We started out on a party line – one of my parents would pick up the phone to make a call (I was too young to use a phone then) and hear someone else having a conversation. Fortunately that soon stopped. We went from a letter prefix for our exchange (“BE”) to the corresponding numerals (“23”). We started out dialing “0” for the Operator when we needed to make a long-distance call; over time that was replaced direct dialing, and our number got a three-digit prefix, the area code. The Bell Telephone monopoly ended, and we had our choice of carriers.

Over the years that phone line flowed into basic black rotary dial instruments, larger and smaller wall phones, the “princess” model (I never did get one of my own in my bedroom!), push button phones, and cordless.

And the conversations that phone line knew! My little self, talking with grandparents, aunts, and uncles. My teenage self, waiting for a boy to call, or commiserating with girlfriends when he didn’t. My college student self, calling because I was homesick, or needed money or advice on a life-altering decision. No answering machines, no voicemail, no caller ID. You answered the phone – or didn’t – and took your chances. You called, and had to decide how long to wait before giving up and hanging up.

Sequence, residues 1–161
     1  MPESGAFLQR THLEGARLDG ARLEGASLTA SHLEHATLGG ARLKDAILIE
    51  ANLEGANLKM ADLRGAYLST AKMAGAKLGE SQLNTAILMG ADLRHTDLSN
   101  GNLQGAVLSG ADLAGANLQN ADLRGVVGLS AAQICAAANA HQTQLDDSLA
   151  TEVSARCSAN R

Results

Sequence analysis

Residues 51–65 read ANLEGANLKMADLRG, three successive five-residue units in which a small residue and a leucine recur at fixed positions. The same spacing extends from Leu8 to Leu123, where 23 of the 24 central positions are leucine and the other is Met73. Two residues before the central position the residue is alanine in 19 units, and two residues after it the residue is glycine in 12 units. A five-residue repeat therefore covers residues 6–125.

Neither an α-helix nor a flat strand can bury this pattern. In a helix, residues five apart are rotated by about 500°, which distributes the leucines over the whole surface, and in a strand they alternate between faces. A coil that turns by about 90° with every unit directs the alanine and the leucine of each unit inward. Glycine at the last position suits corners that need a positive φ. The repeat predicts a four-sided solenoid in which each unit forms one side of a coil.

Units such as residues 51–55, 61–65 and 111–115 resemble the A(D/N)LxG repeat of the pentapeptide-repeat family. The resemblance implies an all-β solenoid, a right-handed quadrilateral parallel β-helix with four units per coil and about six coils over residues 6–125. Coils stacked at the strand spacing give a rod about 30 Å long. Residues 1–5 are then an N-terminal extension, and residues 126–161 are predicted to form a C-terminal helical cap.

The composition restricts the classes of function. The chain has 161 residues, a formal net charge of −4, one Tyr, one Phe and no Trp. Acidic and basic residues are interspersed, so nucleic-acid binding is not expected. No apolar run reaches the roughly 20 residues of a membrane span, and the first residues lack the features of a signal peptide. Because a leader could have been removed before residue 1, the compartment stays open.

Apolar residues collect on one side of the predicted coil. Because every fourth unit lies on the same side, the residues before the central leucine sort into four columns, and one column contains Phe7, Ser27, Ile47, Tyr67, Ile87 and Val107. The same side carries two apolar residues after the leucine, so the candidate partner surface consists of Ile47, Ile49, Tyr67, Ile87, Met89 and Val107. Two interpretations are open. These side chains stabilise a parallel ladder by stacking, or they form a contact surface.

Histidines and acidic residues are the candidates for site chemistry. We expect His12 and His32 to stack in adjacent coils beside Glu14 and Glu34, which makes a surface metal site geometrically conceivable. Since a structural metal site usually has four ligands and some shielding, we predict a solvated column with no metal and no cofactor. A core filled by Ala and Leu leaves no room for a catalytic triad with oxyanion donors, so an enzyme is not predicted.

That phone line shared good news and bad. I was home alone as a teen when a call came in from my uncle in Georgia telling me that my grandmother had died. From that phone I called the friends my parents were visiting that afternoon and from that phone told my father that his mother was no longer with us. Years later, my mother called to tell me that her mother had died. Many years after that, from that same number, she called my family and me three states away to tell us that we needed to come to Columbus sooner rather than later for Christmas break if we wanted to see my father before he died. I dialed that number to tell my parents, twice, that grandchildren were on the way, and twice that those grandchildren had arrived.